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J Appl Physiol (1985). 2002 Apr;92(4):1393-400.

Pulmonary gas exchange and acid-base state at 5,260 m in high-altitude Bolivians and acclimatized lowlanders.

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Division of Physiology, Department of Medicine, University of California, San Diego, La Jolla, California 92093, USA.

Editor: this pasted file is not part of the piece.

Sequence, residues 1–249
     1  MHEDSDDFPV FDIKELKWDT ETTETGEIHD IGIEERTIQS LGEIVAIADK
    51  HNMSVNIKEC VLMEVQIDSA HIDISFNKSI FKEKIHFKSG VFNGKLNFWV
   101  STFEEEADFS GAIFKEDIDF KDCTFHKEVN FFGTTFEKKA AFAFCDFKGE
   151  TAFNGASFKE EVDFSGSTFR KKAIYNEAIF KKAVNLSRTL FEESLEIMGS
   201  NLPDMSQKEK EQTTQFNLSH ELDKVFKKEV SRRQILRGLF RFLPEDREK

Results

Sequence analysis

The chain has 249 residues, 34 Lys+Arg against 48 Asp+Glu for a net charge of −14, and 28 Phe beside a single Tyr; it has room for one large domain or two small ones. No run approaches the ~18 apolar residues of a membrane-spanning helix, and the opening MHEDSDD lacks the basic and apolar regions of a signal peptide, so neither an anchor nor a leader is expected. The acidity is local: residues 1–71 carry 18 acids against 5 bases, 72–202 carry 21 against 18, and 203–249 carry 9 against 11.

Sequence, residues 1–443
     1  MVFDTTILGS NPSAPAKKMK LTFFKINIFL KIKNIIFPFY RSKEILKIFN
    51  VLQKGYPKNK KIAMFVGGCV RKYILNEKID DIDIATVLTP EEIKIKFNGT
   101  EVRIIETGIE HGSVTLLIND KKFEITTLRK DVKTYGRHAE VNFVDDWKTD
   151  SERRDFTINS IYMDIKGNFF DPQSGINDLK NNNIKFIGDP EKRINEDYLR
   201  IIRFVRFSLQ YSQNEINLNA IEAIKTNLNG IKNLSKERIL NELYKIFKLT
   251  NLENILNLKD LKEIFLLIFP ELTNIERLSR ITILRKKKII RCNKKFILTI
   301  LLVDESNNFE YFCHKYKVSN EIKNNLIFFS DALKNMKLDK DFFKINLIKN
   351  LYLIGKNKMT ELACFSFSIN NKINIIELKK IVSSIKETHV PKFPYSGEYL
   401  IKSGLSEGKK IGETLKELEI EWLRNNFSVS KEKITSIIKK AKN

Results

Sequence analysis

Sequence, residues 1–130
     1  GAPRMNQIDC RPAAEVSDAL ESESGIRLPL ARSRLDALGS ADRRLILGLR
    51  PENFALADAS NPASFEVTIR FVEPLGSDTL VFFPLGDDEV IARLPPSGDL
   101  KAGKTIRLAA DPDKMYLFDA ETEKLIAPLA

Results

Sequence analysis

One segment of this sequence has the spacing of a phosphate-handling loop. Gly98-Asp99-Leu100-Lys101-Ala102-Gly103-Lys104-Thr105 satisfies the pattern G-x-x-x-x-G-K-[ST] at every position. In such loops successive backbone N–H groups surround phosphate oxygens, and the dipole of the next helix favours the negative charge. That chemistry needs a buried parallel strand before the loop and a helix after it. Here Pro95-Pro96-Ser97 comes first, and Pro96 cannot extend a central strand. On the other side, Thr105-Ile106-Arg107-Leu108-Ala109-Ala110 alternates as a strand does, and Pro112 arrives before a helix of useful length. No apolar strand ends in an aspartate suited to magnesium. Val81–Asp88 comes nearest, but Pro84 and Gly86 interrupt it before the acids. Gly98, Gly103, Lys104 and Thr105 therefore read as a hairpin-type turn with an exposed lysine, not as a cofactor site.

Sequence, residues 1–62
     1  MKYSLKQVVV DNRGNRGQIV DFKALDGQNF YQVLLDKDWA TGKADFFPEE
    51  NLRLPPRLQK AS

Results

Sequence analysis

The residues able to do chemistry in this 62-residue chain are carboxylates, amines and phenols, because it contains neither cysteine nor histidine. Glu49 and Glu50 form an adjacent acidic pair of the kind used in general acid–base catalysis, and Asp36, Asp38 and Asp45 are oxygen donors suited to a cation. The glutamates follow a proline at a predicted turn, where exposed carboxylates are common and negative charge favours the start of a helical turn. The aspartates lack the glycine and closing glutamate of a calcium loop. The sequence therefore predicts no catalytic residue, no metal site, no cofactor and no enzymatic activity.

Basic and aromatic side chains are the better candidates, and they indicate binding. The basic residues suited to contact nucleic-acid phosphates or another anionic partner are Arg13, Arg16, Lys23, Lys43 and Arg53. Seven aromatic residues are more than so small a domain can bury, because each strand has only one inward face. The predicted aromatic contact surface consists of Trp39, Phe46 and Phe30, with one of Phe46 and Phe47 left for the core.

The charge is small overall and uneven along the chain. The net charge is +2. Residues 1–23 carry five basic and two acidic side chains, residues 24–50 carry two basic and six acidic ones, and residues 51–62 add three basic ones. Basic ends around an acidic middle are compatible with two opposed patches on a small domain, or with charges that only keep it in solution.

Pulmonary gas exchange and acid-base state were compared in nine Danish lowlanders (L) acclimatized to 5,260 m for 9 wk and seven native Bolivian residents (N) of La Paz (altitude 3,600-4,100 m) brought acutely to this altitude. We evaluated normalcy of arterial pH and assessed pulmonary gas exchange and acid-base balance at rest and during peak exercise when breathing room air and 55% O2. Despite 9 wk at 5,260 m and considerable renal bicarbonate excretion (arterial plasma HCO3- concentration = 15.1 meq/l), resting arterial pH in L was 7.48 +/- 0.007 (significantly greater than 7.40). On the other hand, arterial pH in N was only 7.43 +/- 0.004 (despite arterial O2 saturation of 77%) after ascent from 3,600-4,100 to 5,260 m in 2 h. Maximal power output was similar in the two groups breathing air, whereas on 55% O2 only L showed a significant increase. During exercise in air, arterial PCO2 was 8 Torr lower in L than in N (P < 0.001), yet PO2 was the same such that, at maximal O2 uptake, alveolar-arterial PO2 difference was lower in N (5.3 +/- 1.3 Torr) than in L (10.5 +/- 0.8 Torr), P = 0.004. Calculated O2 diffusing capacity was 40% higher in N than in L and, if referenced to maximal hyperoxic work, capacity was 73% greater in N. Buffering of lactic acid was greater in N, with 20% less increase in base deficit per millimole per liter rise in lactate. These data show in L persistent alkalosis even after 9 wk at 5,260 m. In N, the data show 1) insignificant reduction in exercise capacity when breathing air at 5,260 m compared with breathing 55% O2; 2) very little ventilatory response to acute hypoxemia (judged by arterial pH and arterial PCO2 responses to hyperoxia); 3) during exercise, greater pulmonary diffusing capacity than in L, allowing maintenance of arterial PO2 despite lower ventilation; and 4) better buffering of lactic acid. These results support and extend similar observations concerning adaptation in lung function in these and other high-altitude native groups previously performed at much lower altitudes.

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